Map of Infected Regions

                                    So where in the world can you find Onchocerca volvulus?

     Onchocerca volvulus’ habitat originated in West Africa in 1977 and is primarily found there because of its tropical rainforest geographical features. This is one of the two strains of this parasite. The other strain is commonly found in the savannas of Central and South America and Yemen as well.This parasite was later brought to America by African slaves. These two strains are distinguished by a DNA test called Polymerase Chain Reaction, or PCR test. Onchocerca volvulus is known to cause a disease commonly called “river blindness” because it can cause severe blindness that can affect people all throughout the world. It is also referred to as the “river blindness” because it the disease is transmitted by a black fly that tends to live near rivers. Rushing River Water Where Black Flies Live
     To survive, the black fly needs lots of oxygen from the fast water provided by the river where it usually feeds during the day (Globisch 2013). Adult females are considered to be blood feeders that often feast on birds and mammals, including humans. Because the flies bite during the day, one way to prevent getting infected by Onchocerca volvulus is by wearing long sleeved shirts and pants to avoid getting bit by the bugs while in areas they are likely to be. In heavy areas of black flies, there is a chemical that can be sprayed so that they do not bother humans as much. Adult black flies need to live by rapid water because they use the water as a device for feeding off of organic matter found in rivers (EcoSpark 2011).
     The parasite, Onchocerca volvulus is transmitted by black flies which most commonly bite into humans, and disburse larvae under the skin of a human. When the larvae is dead, it can result in skin atrophy as well as inflammation in the eyes which can lead to reduced vision and even blindness (Alberts et al. 2012). In humans, the adult parasites are often found in groups of knotted up balls in subcutaneous tissues. These groups then mature into worms and later become enclosed in fibrous tissue (Dalton 2001). These worms then feed on blood or bodily fluids from the host, whether it be a human or other animal.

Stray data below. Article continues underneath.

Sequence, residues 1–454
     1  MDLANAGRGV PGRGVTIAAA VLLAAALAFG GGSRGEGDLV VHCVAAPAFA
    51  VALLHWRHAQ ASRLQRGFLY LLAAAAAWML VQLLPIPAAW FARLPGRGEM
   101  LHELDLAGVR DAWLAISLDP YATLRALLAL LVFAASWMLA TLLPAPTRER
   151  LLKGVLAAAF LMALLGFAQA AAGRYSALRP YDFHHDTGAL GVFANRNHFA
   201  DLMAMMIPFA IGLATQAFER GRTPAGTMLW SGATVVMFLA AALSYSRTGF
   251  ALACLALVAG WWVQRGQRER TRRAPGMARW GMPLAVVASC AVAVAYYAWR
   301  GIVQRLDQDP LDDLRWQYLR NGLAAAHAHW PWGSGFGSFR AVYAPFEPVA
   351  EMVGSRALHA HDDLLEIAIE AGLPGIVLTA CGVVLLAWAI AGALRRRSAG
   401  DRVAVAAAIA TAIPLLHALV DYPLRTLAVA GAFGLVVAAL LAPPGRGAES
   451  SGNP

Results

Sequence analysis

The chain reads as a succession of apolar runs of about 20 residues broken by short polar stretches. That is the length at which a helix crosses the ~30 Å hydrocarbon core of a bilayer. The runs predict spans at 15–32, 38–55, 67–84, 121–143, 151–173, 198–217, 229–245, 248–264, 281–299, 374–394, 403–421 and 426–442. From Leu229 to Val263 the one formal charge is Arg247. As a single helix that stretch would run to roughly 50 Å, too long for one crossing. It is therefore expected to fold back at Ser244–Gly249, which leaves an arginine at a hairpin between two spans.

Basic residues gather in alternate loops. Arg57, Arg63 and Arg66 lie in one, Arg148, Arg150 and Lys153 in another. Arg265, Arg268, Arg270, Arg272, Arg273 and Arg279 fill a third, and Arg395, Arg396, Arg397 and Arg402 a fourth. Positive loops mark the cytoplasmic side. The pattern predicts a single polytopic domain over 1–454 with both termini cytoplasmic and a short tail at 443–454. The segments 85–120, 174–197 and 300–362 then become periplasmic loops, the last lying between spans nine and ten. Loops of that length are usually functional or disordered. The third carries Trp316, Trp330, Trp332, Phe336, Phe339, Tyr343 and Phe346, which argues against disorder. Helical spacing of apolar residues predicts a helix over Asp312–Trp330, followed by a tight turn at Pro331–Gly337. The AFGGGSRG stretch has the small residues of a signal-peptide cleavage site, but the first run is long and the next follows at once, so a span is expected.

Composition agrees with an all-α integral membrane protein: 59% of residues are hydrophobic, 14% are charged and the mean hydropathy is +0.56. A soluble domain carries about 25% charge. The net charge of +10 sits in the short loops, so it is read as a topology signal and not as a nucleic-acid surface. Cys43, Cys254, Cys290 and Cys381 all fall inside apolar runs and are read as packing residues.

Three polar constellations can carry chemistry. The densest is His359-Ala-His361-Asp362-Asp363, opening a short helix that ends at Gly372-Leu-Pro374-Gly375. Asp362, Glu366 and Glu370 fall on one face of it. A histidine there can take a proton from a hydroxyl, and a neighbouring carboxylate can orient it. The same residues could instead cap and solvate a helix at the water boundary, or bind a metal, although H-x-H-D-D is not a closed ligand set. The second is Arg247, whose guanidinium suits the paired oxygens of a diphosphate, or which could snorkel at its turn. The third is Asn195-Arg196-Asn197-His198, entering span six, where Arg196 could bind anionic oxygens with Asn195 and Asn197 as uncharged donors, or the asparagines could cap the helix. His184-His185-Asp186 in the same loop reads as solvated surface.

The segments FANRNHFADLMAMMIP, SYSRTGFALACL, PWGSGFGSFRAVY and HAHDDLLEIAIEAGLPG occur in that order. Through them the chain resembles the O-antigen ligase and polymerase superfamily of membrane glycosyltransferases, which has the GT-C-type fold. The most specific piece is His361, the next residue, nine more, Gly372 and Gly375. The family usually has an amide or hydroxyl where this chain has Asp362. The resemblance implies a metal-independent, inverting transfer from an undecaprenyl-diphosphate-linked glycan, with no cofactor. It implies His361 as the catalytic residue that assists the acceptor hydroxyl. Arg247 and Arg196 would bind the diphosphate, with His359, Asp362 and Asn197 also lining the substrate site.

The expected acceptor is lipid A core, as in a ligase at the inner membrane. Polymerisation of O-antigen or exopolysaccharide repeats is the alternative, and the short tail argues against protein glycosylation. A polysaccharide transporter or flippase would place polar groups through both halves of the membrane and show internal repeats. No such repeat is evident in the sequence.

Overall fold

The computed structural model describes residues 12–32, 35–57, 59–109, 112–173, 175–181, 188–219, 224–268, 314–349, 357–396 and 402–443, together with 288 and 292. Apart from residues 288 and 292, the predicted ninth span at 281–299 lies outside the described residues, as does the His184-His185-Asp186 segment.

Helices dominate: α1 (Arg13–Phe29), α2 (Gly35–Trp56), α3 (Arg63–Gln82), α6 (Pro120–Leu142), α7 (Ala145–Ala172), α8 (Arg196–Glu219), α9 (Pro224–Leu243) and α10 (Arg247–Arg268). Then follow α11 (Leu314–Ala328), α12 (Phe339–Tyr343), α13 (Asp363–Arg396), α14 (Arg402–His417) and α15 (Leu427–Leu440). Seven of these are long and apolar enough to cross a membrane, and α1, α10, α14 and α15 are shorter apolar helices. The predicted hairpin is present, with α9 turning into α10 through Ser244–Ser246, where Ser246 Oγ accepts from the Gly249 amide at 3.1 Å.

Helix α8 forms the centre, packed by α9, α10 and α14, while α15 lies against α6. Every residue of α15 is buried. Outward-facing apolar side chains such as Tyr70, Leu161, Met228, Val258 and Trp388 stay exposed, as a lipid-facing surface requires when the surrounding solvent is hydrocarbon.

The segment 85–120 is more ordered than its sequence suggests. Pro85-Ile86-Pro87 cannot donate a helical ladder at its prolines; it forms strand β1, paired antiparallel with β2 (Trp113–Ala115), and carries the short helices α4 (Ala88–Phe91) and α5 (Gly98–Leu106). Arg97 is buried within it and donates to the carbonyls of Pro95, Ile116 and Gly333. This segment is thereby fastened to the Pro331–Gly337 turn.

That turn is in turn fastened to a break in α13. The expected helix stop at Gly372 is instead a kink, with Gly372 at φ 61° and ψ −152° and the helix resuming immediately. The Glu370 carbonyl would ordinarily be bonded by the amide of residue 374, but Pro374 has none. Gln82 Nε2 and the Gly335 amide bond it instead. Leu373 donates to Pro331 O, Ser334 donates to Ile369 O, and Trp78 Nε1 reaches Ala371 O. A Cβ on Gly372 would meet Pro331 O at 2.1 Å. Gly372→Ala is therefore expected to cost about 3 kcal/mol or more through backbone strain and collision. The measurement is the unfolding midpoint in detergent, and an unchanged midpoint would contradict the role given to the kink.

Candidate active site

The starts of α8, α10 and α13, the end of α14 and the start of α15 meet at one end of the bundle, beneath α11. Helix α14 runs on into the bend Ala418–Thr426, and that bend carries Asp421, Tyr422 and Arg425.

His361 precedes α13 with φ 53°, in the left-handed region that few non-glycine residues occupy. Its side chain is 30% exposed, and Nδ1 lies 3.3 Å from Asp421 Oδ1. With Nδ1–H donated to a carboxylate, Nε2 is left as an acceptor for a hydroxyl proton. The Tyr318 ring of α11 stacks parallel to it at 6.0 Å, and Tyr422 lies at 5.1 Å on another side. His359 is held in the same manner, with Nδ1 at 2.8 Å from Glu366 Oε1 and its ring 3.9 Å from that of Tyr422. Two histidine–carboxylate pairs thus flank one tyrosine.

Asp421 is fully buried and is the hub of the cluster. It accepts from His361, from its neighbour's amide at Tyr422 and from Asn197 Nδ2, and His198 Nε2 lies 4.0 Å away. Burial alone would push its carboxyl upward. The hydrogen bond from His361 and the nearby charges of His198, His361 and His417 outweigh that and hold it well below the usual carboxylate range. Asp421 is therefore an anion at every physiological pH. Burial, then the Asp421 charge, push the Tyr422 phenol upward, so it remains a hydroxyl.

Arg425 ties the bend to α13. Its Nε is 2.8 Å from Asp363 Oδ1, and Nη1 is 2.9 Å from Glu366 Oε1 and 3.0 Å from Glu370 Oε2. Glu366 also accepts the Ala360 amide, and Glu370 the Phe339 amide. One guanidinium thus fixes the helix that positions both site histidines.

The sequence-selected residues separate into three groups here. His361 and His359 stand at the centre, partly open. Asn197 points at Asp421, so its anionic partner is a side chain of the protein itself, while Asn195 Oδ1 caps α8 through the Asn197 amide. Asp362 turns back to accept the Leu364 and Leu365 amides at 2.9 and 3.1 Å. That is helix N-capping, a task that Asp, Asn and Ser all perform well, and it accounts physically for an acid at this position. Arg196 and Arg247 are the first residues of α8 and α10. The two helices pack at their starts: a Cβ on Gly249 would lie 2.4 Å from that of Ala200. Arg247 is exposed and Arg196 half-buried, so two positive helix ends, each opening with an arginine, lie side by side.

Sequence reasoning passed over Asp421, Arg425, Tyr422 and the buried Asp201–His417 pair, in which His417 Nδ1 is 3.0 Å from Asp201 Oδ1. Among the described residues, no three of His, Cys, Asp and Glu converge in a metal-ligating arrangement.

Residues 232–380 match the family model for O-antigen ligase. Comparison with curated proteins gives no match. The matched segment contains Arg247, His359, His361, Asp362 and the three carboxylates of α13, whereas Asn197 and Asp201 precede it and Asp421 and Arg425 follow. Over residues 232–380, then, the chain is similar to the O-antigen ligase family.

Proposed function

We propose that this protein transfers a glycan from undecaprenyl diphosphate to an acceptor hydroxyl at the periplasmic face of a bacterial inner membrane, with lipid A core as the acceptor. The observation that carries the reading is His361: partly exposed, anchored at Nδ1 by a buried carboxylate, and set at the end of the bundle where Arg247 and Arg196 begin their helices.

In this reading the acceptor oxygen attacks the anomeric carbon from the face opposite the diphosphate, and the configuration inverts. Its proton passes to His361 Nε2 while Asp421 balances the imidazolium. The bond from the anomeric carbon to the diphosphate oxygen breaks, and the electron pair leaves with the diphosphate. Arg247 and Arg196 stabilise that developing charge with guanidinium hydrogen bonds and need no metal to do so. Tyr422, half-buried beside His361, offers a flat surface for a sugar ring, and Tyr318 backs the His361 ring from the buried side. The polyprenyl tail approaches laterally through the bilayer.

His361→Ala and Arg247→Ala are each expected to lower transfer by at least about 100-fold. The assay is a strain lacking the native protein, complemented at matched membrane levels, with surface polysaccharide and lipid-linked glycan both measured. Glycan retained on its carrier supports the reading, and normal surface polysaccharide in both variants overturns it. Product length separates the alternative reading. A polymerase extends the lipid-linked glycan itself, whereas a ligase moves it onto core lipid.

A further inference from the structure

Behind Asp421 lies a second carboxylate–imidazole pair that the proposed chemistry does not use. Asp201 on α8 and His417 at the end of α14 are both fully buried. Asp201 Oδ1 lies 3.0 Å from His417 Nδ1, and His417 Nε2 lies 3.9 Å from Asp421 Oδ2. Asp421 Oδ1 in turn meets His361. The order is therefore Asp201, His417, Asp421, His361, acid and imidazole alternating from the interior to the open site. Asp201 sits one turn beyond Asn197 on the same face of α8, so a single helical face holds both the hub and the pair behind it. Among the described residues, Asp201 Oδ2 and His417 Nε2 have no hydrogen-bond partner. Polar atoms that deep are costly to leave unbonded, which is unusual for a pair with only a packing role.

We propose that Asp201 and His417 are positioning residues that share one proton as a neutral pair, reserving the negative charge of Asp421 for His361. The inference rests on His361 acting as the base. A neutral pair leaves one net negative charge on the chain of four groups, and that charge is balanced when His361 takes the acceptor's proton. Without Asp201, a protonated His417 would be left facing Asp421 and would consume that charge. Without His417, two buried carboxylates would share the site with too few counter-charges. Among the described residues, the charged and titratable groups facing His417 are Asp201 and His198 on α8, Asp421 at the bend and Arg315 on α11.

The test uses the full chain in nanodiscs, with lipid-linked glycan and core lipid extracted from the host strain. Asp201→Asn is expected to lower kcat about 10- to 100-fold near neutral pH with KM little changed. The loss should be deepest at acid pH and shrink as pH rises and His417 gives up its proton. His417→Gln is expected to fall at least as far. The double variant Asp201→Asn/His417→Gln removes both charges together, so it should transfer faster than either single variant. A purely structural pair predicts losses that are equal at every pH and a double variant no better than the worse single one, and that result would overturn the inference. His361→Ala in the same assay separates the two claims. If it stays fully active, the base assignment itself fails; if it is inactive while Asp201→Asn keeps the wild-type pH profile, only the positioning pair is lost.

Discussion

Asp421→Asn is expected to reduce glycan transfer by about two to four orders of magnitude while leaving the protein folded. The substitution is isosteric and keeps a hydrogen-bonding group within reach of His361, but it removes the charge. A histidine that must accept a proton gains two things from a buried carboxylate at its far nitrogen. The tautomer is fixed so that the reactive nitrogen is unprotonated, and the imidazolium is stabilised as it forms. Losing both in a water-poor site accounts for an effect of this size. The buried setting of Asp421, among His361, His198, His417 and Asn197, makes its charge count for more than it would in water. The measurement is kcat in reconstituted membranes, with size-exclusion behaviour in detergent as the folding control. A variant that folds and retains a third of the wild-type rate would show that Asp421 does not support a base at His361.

In response to the parasite, the human body reacts in different ways depending on the location of where the black fly feasts on the body. Most cases of transmission of this parasite happen in rural areas. People who are short- term visitors to places, such as Africa, are at a higher risk for getting bitten and infected by a black fly because long-term people who live there are better exposed to blackfly bites. Infections which occur in Africa often result in bumps on the skin in places such as the knees and pelvic areas, while infections that occur in Central America often result in bumps on the skin in places such as the neck and head. These bumps occur in different places because of the preference of the black flies bite which is dependent on where the black fly is from (Dalton 2012). Even though the fly will most commonly bite either of those areas, this parasite can also travel all over the human body and often enter through the eye of the human, similar to Gasterophilus intestinalis which also causes eye complications in humans.
     If a blackfly that is uninfected bites a person who has the parasite already in their body, the blackfly will then be a carrier of the parasite. It then takes the larvae of the Onchocerca volvulus to develop in the fly for it then to be infectious to humans again in the new, infected fly (Onchocerciasis FAQ 2013). Black fly larvae
     Though the parasites' lifespan is around 10 years, and the Onchocerca volvulus can reproduce at astronomical rates. The parasite produces mass amounts of eggs and larva simply because they often do not find a host to feed off of before they die. The environment that they live in is crucial for the survival because of the hosts that are needed. The most popular regions are tropical and terrestrial because of their rivers, but are not limited to that because they can also be found in savannas, wetlands, or grasslands.

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